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The Sacred Cause

The Europe that was Lost – Thoughts on Central and Eastern European Modernism

Tom Sandqvist

«This book is about Modernism and Avant-Garde movements in Central and Eastern European art around the last turn of the century. It sketches a surrealistic, bewildering, irrational arena. At the same time, we are offered a differentiated view on the complex whole of the avantgarde scene in Eastern Europe. The author takes us to dark soirées, scandalous dada theatrical performances, drunken bouts with loudmouthed reformers. Subjectivity stands against rationality, ethnonationalism against internationalism. Yugoslavian zenitism, Czech poetism, Hungarian activism, and other less-known isms, are proposed in exstatic outbursts in shortlived magazines. The pace is hectic, the commitment enormous, and the sheer force of strongminded individuals overwhelming. All in all, the inversed perspective seems alluringly fresh, with Eastern Europe as the co-producer of ideological content, instead as the receiver, or, even worse, the passive reflection of Western thought. I am impressed by the tolerance of much of the audience before and after the First World War: To be a genius seems to be just a matter of course. Karel Teige in Prague, Ljubomir Micić in Zagreb, Lajos Kassák in Budapest, and Jacek Malczewski in Krakow were tireless propagators of avant-garde art – but also of nostalgic messianism. How did they get away with this, at times, monomaniac egoism, one wonders. Sandqvist finds the answer in that subjectivity was the remedy for avantgarde artists as a defence mechanism against the repressive society and destructive socioeconomical forces.» (Jan von Bonsdorff, Professor, Uppsala University)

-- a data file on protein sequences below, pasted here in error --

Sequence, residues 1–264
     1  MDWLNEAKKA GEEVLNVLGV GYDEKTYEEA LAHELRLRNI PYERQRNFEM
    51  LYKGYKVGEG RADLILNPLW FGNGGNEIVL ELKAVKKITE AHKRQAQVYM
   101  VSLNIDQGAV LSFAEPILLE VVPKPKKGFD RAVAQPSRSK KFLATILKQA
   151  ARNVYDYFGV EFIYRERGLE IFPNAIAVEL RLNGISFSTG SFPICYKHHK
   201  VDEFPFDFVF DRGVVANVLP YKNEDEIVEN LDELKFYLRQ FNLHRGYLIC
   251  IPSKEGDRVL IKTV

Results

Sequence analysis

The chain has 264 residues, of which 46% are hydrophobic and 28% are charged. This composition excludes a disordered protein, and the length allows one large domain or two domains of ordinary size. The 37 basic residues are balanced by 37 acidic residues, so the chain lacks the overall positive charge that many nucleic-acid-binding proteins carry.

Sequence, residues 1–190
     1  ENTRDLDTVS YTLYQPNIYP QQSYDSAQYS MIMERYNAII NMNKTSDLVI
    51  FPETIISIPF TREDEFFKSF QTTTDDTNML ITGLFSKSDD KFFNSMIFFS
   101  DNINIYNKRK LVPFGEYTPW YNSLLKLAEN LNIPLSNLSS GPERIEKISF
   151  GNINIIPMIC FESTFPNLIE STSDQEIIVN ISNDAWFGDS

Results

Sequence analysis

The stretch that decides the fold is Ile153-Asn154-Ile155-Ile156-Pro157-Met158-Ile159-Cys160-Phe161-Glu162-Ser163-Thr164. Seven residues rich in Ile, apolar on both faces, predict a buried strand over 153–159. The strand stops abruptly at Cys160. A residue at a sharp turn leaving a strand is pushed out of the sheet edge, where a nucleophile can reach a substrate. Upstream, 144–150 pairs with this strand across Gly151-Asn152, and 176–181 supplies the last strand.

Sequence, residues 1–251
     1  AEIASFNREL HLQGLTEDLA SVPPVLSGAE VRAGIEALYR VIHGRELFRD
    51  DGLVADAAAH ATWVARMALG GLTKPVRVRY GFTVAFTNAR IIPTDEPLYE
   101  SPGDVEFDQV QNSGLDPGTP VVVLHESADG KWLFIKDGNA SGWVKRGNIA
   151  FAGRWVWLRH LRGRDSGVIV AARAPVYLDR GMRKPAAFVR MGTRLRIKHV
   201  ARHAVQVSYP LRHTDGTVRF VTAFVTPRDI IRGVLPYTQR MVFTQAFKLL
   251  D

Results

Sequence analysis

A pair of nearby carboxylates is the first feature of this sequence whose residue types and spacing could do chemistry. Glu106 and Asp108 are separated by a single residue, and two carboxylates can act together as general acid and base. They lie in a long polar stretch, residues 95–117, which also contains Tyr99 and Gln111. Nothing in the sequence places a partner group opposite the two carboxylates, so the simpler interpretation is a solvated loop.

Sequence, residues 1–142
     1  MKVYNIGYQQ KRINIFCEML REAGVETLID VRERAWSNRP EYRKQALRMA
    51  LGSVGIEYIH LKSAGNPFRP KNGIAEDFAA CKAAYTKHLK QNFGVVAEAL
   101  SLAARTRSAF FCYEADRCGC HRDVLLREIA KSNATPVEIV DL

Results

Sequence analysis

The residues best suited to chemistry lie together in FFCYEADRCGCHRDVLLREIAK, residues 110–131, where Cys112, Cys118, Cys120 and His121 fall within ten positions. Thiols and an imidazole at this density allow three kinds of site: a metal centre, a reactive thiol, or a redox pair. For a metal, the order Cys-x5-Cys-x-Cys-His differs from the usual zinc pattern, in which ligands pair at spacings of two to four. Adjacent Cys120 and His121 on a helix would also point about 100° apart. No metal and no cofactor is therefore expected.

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11. The “Jewish Question” – and the National One. Preliminary Conclusions


457 11. The “Jewish Question” – and the National One Preliminary Conclusions According to the Hungarian-American musical and cultural historian Judit Frigyesi, one of the distinctive features of Endre Ady s´ poetry is the “inherent symbolism” of the message of the poetic associations carried by the particular words and the way they are composed in the poem. In some words symbolism is more evident, but most of them suggest a whole range of images and mean- ings that, superimposed and interacting, create a special lyrical atmosphere. The imagery has a “surplus” of symbolic references forcing the reader to focus on the interacting symbolic content of the single word. At the same time, Ady s´ language is full of everyday usages that lack elegance and are emphatically unpoetical, at time even rude, silly or primitive. Ady uses the language to its full capacity and improvises words and syntax, sometimes taking the context as inspiration for a neologism, always creating an ambiguity that becomes part of the symbolic message.1239 According to his friend Lajos Hatvany, Ady knocked on the door of the Unknown, what is beyond the capacity of comprehension, the secret of what is beyond everything,1240 that is God, the innermost substance of existence, ac- cording to Frigyesi, the center of the universe, the all-embracing totality or the all-governing “Nothing”, that which does not have volume, form nor shape – I carry my load: the heaviest Nothing, My path: the great Nihil, the None, My fate: to go, to go, to go,...

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